Communist Party to something more democratic.
It is mostly in Gramscis writings on education, politics, language and culture
(see Politics and Culture (Gramsci 1985a), Language, Linguistics and Folklore
(Gramsci 1985b), and Popular Literature (Gramsci 1985c)) that he elaborates on
the importance for the proletariat to be in command of this form of communication.
They must communicate their awareness, their mutual education, and their
normative desires to each other to achieve awareness and ascend to a higher
culture. Morera (1990: 24), Nun (1987), and Nun and Cartier (1986: 202) support
this argument. For the latter, the authors offer insight into Gramscis ostensible
role for political communication: it needed to change common sense in the
proletariat so as to make the collective the power-holders and not subjects of the
bourgeois. This emphasis on communication and education looks to be the forced
measure Gramsci thought was needed to break from capitalism. Hill (2007: 135,
165, 199) is also useful in backing this point. Communication was the foundation
for neohumanstic reform through democracy.
Gramscis code for this break from capitalism comes mainly in the rejection of
the existing state, the international order of relations, and in his discussions on the
Building a GramsciFoucault Axis of Democracy 79

role of the politburo (or party leadership). Leaders must and can only be decided
by the proletarian mass once the mass has of course ascended to Gramscis
conception of higher culture. Nevertheless, there is mention of leadership before the
proletariats cultural ascendency which was needed to force education and political
communication. See Religion: A Movement and an Ideology (Gramsci 2001a) and
Towards a New Leading Group (Gramsci 1978b) for more. Fontes (2000: 50)
argument that Gramsci saw the Modern Prince (Gramsci 1992b) as the Communist
Party itself is helpful. But it seems to cancel out the idea of a leadership decided by
the demos. As can be seen across much of his primary works, Gramsci writes that the
proletariat must first be made aware and can then act in democracy. Leadership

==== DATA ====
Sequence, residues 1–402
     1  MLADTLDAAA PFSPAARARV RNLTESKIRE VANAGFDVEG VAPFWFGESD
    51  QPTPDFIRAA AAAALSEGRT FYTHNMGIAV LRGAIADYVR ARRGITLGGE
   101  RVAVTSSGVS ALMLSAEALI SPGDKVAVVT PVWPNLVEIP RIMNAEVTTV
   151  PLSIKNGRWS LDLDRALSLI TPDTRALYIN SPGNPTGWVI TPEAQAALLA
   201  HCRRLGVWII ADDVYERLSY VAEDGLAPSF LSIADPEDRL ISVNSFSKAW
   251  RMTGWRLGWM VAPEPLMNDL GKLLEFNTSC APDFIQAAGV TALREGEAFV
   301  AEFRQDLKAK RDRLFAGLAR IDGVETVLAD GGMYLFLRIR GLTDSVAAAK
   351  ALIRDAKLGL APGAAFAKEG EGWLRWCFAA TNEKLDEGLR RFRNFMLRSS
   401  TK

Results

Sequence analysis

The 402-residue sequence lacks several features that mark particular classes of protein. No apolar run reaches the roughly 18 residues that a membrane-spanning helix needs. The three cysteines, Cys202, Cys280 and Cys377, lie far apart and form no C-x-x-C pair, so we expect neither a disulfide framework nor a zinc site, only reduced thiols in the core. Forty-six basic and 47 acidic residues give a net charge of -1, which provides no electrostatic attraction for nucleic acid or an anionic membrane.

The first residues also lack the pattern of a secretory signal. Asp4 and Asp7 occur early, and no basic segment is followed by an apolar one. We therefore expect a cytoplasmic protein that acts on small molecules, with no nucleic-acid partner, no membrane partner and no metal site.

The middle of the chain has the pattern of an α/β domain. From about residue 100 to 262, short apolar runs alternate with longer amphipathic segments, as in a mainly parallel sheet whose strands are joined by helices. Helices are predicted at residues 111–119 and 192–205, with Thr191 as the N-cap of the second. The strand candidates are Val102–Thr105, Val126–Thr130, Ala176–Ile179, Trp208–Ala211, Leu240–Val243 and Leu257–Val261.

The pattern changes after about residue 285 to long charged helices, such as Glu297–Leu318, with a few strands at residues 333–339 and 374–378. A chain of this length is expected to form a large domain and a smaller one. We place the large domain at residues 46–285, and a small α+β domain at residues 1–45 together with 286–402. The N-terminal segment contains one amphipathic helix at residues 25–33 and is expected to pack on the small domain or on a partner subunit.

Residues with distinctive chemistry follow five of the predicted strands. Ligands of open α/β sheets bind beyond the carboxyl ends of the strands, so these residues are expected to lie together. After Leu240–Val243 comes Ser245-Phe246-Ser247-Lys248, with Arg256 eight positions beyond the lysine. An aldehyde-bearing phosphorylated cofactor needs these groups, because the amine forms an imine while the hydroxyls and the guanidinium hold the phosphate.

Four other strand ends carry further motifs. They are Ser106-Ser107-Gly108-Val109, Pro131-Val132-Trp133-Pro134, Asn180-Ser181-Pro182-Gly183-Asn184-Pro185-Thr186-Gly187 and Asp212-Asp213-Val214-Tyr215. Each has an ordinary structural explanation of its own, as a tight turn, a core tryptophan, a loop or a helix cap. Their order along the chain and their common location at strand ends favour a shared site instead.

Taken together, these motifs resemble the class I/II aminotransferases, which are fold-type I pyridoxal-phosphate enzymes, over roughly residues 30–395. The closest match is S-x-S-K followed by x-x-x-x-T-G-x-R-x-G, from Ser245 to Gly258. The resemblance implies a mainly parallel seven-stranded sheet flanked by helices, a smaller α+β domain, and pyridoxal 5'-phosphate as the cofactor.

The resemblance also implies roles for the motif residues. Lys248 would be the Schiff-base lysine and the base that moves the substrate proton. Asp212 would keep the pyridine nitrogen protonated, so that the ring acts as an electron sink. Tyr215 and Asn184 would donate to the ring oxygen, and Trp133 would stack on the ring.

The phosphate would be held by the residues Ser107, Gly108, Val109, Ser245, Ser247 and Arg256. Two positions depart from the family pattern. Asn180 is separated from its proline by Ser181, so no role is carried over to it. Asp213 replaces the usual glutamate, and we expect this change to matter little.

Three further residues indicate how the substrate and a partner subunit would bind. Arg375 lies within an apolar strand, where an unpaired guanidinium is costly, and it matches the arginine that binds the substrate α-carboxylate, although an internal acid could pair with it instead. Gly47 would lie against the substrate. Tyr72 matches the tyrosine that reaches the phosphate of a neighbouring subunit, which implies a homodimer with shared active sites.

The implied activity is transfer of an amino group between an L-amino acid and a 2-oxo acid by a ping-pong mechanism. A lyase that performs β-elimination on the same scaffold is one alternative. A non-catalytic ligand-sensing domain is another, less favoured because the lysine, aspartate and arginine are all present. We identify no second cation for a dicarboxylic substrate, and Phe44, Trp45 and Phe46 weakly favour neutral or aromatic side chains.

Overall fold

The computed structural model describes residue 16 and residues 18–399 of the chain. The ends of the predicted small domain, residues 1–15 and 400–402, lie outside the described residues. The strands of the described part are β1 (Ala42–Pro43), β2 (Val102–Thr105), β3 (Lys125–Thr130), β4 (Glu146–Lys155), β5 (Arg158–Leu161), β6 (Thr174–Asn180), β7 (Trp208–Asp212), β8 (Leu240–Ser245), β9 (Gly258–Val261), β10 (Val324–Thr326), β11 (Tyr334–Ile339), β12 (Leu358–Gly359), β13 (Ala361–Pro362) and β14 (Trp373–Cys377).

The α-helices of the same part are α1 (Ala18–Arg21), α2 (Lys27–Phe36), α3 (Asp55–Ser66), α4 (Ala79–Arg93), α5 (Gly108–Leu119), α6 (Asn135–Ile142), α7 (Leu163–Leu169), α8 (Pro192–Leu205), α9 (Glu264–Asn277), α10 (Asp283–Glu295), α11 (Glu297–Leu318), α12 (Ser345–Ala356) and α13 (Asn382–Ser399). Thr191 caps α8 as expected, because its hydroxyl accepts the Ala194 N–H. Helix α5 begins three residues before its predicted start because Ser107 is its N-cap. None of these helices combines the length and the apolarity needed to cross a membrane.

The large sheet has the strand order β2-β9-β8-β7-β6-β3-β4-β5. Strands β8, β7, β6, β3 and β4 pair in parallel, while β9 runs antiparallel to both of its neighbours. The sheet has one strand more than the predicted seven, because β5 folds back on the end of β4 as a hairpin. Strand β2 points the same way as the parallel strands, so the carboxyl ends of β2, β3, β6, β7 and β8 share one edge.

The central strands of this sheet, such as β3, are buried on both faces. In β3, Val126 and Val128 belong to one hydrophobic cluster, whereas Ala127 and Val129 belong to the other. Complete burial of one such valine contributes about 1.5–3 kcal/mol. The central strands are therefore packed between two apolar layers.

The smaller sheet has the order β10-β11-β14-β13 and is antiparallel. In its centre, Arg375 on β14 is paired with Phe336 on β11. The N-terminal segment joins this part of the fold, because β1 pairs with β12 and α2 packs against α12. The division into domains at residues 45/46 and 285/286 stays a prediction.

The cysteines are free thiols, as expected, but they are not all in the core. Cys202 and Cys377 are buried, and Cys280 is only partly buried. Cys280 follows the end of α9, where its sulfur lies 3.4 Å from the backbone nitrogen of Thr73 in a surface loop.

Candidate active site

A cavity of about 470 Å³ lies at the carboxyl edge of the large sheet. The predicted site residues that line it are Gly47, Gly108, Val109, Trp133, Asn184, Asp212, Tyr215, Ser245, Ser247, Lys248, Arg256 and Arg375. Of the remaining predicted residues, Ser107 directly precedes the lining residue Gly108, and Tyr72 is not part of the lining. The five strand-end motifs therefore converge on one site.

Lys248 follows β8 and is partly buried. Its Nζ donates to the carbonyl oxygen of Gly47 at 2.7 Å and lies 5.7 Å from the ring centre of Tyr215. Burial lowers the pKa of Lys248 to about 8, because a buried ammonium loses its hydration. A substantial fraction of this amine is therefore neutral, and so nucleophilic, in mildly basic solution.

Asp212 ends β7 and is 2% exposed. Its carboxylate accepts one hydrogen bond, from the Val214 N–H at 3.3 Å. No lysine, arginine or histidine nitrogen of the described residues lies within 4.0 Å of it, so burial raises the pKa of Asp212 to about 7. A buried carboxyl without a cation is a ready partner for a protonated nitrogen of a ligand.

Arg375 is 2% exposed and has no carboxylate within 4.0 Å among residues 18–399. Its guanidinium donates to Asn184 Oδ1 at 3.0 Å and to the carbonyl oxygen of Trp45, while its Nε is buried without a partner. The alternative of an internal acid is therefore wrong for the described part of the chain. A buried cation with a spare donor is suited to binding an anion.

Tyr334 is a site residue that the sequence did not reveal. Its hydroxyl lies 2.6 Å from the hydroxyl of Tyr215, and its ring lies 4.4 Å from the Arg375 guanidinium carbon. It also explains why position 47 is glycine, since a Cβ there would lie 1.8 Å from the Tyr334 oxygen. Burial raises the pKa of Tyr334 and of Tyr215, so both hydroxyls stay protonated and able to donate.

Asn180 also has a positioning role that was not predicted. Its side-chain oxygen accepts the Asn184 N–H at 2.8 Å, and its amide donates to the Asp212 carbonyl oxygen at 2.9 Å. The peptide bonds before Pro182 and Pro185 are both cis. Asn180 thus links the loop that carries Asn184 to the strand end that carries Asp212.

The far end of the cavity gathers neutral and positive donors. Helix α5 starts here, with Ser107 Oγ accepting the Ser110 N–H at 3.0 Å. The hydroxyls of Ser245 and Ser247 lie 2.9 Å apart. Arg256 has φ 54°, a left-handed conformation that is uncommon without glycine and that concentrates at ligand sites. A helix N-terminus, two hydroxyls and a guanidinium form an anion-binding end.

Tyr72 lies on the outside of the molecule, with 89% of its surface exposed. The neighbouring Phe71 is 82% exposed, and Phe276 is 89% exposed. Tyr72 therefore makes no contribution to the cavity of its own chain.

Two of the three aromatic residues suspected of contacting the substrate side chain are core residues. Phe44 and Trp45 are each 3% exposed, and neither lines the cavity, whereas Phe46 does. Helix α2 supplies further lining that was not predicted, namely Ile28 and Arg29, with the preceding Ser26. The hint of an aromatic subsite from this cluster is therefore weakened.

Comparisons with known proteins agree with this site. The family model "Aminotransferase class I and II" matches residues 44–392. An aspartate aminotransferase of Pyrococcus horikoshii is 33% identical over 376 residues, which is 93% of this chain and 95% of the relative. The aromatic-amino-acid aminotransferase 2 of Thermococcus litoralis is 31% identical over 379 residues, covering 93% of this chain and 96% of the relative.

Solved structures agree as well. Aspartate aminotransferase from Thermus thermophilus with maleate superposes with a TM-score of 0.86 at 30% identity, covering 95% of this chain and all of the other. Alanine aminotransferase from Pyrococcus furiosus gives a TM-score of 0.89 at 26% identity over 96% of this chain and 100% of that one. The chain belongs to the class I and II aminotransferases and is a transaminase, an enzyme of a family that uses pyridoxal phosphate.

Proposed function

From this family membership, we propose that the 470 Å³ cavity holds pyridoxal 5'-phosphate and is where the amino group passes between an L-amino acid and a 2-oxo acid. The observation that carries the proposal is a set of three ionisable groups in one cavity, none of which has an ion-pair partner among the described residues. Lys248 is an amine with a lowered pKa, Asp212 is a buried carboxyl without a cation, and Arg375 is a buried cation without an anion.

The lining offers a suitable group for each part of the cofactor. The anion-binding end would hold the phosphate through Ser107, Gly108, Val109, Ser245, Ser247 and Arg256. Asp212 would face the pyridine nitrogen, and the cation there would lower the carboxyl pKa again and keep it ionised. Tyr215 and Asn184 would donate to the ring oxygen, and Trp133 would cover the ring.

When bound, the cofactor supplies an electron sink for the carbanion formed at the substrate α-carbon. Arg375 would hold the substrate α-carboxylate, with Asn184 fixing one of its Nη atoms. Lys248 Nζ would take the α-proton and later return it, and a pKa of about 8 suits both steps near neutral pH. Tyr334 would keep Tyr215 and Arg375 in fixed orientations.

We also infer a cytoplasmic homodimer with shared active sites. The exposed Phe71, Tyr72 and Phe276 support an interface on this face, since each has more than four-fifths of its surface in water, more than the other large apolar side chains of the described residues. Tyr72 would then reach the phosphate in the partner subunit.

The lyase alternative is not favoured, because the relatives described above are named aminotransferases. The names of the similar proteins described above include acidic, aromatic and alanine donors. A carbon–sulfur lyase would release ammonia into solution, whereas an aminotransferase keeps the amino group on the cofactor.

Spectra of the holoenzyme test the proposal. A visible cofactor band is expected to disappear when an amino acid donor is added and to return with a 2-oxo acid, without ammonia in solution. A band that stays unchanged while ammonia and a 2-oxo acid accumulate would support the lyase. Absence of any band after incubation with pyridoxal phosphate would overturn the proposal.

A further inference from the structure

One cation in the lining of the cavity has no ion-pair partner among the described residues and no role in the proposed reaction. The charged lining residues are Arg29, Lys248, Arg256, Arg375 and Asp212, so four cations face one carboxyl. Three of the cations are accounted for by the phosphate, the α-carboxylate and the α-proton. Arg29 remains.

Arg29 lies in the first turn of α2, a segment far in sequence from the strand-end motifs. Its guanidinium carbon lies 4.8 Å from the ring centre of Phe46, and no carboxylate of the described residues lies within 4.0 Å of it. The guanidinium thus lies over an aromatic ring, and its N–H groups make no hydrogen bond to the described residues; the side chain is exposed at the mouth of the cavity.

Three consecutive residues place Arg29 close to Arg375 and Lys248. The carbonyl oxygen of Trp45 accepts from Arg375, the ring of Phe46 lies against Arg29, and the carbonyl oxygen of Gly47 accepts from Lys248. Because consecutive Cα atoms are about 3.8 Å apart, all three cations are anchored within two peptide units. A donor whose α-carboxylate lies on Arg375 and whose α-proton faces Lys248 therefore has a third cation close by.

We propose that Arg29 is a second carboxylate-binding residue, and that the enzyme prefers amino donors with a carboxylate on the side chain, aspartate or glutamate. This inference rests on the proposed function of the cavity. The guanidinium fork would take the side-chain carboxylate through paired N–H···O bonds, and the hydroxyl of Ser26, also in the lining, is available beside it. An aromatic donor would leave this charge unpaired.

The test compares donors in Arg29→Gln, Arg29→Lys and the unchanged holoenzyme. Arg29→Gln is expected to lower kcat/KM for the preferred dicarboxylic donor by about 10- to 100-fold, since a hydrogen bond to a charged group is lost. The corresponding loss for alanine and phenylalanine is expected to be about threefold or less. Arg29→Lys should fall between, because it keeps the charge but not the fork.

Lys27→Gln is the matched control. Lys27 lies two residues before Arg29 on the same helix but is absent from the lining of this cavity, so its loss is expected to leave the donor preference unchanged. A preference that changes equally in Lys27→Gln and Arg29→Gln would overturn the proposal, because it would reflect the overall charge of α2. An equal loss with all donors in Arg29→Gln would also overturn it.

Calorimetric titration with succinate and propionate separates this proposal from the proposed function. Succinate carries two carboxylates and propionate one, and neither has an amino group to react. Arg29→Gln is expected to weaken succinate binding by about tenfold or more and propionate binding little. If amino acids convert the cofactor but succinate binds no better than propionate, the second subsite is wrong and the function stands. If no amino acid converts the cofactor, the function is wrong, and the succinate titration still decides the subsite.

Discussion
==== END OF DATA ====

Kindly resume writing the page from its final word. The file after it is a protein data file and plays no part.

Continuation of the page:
then seems to be modelled on a type of democratic centralism that incorporates both
democratic and autocratic elements. That view is supported by Gramscis writings
on the structure of the Communist Party which in itself is a mixture of the two.
It is, for me, clear in Socialism and Fascism (Gramsci 1978a) as well as in
Soviets in Italy (Gramsci 1968) that law or the expression of hegemony is only
permitted from the proletarian demos and, more precisely, its governing bodies
(such as the party leadership). Nun and Cartier (1986: 224) suggest Gramsci was
building his view of legal legitimacy from Rousseau. Law must come from the
popular will. It would first have to come from the aware and then come from the
aware proletarian mass through the party leadership.
Gramsci discusses, at least implicitly, through his writings on the Communist
Party and the justifications for proletarian emancipation the need for the worker
mass to have homogeneous visions for the future. It might be argued that this is
the removal of class, economic and militaristic oppression. See Science, Logic and
Translatability, (Gramsci 2001b) The Philosophy of Benedetto Croce (Gramsci
2001c) and Bordigas Polemic (Gramsci 1977b) as Gramsci discusses teleology
to some lengths across these works. I argue that Nun and Cartier (1986: 204) and
Fonte (2000: 51) are in agreement with my observation. Whilst Nun and Cartier
rely on evidence from the Quaderni, Fonte makes my point in a discussion of
G.W.F. Hegel, Richard Rorty, Walt Whitman and John Dewey whose roles in his
work are built on a Gramscian foundation.
The discussion above leads to Gramscis concept of cultural hegemony (Mouffe
1979 is central here). Gramscis appropriation of Hegelian or Crocean (possibly
Nietzschean, see Emden 2005; Katsafanas 2005 for more) thought about the power
of consciousness and its expression through language to meet Marxist aims was
new for the then European intellectual climate. By having experts change culture
through making the individuals composing the proletariat aware of bourgeois and
aristocratic dominance, social transformation would, in Gramscis thinking, occur.
To my contemporaries reading this, that may seem rather undemocratic. Gramsci
argued that the demos deserved democracy but first had to realize that they needed
democracy for their emancipation. The path to this awareness for Gramsci is in
some ways autocratic: (forced?) education, specific or different literature, and the
overall control by experts in the communist vanguard or party leadership would
lead to democracy.
80 Gramsci and Foucault: A Reassessment

This evidence makes it difficult to reconcile Gramsci with certain conceptions